Hypertrophic Cardiomyopathy (enlarged heart)
What is Hypertrophic Cardiomyopathy?
Hypertrophic cardiomyopathy (HCM) is a complex disease that causes thickening of the heart’s muscle and makes it difficult for your heart to pump blood.
HCM is an inherited genetic problem and you only need an abnormal gene from one of your parents to have HCM; however, even then you may not have the disease. You may also get HCM as a result of high blood pressure or as you age. In some cases, the cause of HCM is unknown
HCM may also cause:
Left ventricular stiffness
Left ventricular stiffness, which is caused by cellular changes in the heart muscle when it thickens. This makes the left ventricle unable to relax, and reduces the amount of blood your left ventricle can hold to send out to the rest of your body with each heartbeat.
Mitral valve changes
Mitral valve changes are caused by the narrowing of the left ventricular blood outflow tract, impacting the function of the mitral valve, thus increasing pressure in the left ventricle. This frequently causes the mitral valve to leak blood back into the left atrium.
Cellular changes that cause cells to appear disorganized and irregular (disarray) that may interfere in the electrical signals to the lower chambers of your heart, leading to abnormal hearth rhythm (ventricular arrhytmia).
Hypertrophic Cardiomyopathy Symptoms
HCM is often undiagnosed because you may have few symptoms and appear to lead a normal life with no significant problems. The common signs and symptoms of HCM may include:
- Short of breath, especially during exercise.
- Dizziness or fainting.
- Chest pain.
- Heart palpitations.
- Heart murmur.
- Being overly tired.
It’s important to seek immediate medical care or call 911 if you experience rapid heartbeat, difficulty breathing or chest pain for more than a few minutes. This could lead to cardiac arrest and death.
Hypertrophic Cardiomyopathy Risks and Complications
While many people may not have significant health problems with HCM, risks and complications may include:
Hypertrophic Cardiomyopathy Diagnosis
To diagnose HCM, your cardiologist will take a detailed medical history, perform a physical exam and may order the following tests:
A small amount of blood is drawn from a vein in your arm using a needle.
A chest X-ray can show if your heart is enlarged or if your lungs have fluid.
Echocardiography uses sound waves to show how well your heart chambers and valves work.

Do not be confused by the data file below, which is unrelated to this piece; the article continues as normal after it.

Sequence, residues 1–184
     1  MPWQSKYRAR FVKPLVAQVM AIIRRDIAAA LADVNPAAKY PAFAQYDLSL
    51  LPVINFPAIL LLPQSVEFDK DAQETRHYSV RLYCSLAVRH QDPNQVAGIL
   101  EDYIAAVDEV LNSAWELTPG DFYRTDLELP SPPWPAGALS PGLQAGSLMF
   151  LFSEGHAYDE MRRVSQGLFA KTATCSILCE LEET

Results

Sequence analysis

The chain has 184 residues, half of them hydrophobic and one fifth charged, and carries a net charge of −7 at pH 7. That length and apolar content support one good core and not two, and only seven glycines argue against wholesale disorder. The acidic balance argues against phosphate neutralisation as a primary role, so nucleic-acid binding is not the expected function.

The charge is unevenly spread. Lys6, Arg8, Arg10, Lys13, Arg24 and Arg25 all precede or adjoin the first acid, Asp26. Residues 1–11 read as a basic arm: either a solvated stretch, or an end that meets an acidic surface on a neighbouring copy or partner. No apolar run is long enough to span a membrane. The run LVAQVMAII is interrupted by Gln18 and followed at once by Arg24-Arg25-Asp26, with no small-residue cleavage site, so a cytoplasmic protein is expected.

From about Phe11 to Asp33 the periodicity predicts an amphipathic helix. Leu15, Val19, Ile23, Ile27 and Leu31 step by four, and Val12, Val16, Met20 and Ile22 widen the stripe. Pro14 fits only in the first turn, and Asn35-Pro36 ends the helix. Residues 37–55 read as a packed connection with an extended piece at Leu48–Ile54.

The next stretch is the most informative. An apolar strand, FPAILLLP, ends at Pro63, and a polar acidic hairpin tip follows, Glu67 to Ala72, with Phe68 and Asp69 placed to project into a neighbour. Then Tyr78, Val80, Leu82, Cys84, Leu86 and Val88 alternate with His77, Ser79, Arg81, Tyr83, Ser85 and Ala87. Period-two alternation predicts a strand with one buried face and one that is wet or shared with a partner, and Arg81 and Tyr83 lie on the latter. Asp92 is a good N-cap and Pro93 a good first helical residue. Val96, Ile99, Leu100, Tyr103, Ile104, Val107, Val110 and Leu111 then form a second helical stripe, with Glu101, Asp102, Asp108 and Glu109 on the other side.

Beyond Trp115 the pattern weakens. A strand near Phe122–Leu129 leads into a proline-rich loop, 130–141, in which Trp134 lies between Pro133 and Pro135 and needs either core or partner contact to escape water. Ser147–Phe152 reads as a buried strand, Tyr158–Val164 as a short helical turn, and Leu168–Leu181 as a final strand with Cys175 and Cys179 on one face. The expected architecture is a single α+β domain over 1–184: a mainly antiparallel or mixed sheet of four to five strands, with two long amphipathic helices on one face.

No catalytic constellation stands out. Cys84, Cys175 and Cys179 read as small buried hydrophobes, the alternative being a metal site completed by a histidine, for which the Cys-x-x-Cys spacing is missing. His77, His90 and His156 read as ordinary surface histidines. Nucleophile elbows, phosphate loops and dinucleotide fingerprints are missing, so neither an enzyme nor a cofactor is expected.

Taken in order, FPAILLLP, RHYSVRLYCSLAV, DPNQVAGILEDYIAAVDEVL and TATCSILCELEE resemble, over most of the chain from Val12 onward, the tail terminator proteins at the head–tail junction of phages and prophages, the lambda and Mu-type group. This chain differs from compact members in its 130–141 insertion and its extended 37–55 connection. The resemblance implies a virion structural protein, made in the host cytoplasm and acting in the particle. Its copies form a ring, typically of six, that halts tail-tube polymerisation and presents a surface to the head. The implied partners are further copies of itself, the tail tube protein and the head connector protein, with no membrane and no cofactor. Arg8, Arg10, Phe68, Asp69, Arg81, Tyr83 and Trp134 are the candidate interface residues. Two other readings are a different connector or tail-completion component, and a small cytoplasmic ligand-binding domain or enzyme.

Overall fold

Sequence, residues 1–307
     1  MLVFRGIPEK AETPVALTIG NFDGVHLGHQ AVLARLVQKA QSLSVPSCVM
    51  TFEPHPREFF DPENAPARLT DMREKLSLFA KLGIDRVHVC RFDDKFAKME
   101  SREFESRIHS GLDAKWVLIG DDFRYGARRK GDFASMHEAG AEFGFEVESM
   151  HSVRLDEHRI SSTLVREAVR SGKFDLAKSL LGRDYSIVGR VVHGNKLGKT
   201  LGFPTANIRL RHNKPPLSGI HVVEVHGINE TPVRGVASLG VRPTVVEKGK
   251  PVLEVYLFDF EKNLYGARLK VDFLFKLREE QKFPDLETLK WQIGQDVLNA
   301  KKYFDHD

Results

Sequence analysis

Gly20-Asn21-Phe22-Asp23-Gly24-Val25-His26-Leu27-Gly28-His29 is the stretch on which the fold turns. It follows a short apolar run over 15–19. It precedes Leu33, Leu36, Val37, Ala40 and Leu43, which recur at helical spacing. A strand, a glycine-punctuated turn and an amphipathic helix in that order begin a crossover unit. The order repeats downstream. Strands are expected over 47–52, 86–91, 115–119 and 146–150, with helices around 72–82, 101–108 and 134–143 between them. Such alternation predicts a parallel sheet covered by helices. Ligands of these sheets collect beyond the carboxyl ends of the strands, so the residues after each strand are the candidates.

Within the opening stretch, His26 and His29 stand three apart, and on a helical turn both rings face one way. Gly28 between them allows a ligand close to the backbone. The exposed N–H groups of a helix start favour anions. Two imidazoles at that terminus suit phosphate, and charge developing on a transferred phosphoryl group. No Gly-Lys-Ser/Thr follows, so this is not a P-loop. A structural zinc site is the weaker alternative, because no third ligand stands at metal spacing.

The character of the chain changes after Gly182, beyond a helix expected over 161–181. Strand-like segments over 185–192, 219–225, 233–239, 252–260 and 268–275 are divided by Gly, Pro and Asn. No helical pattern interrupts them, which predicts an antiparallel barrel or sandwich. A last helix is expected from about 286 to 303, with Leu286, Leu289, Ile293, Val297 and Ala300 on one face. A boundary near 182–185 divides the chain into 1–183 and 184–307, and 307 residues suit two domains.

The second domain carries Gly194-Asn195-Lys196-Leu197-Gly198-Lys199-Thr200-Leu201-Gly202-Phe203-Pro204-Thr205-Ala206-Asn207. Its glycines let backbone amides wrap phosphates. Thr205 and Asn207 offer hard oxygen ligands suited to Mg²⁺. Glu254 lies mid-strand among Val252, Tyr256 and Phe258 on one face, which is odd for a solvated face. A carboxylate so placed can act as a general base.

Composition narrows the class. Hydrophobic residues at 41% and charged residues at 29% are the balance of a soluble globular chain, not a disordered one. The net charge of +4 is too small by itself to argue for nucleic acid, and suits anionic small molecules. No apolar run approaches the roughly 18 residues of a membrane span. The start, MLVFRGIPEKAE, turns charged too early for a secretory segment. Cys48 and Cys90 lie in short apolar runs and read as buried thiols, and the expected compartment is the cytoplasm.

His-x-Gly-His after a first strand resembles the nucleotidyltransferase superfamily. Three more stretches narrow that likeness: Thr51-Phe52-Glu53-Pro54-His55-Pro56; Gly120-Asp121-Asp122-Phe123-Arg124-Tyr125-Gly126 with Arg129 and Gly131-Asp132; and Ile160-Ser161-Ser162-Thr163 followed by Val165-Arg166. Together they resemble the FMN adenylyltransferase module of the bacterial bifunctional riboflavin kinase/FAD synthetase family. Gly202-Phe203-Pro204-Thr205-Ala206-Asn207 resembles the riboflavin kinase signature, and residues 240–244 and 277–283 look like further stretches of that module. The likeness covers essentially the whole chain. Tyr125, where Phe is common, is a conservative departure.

An Electrocardiogram (ECG) is used to record your heart’s electrical activity.
Cardiac MRI is usually done during cardiac catheterization to show how well your heart is working.
Exercise Stress Cardiogram
Exercise stress cardiogram shows how well your heart is functioning under stress.
Coronary angiography uses X-ray imaging to see if there are any blockages or narrowing of the arteries in your heart.
A blood sample may be used to determine if mutations known to cause cardiomyopathy exist in the genes.
Hypertrophic Cardiomyopathy Treatments
The goal of treating HCM is to decrease symptoms and the risk of complications. Your cardiologist may recommend the following treatment options:
- Medication, such as beta-blockers and calcium-channel blockers to help improve blood flow to the heart.
- Medication to help prevent arrhythmia.
- Blood thinners to reduce the risk of stroke.
- Atrial fibrillation ablation, a procedure that treats arrhythmia.
- Ethanol ablation is performed during cardiac catheterization using a balloon catheter to inject pure alcohol to kill the cells to help the septum shrink back to normal size to allow better blood flow.
- An implantable cardiocerter-defribillator (ICD, a small device implanted in your chest to monitor and regulate your irregular heart rhythm or arrhythmias.
- A septal myectomy, surgery that removes a portion of the septal wall to help the blood exit the ventricle more easily.
- Lifestyle changes, including:
- Limiting playing sports. Your cardiologist may recommend an exercise regimen.
- Stay well hydrated.
- Heart healthy diet.
- Maintain a healthy weight.
- Reducing alcohol use.
- Take your medications as prescribed.
- Schedule regular appointments with your cardiologist and keep your cardiologist informed to any change in your symptoms and overall health.
Your doctor will review your treatment plan and discuss benefits and possible risks and complications of each so you can make an informed decision.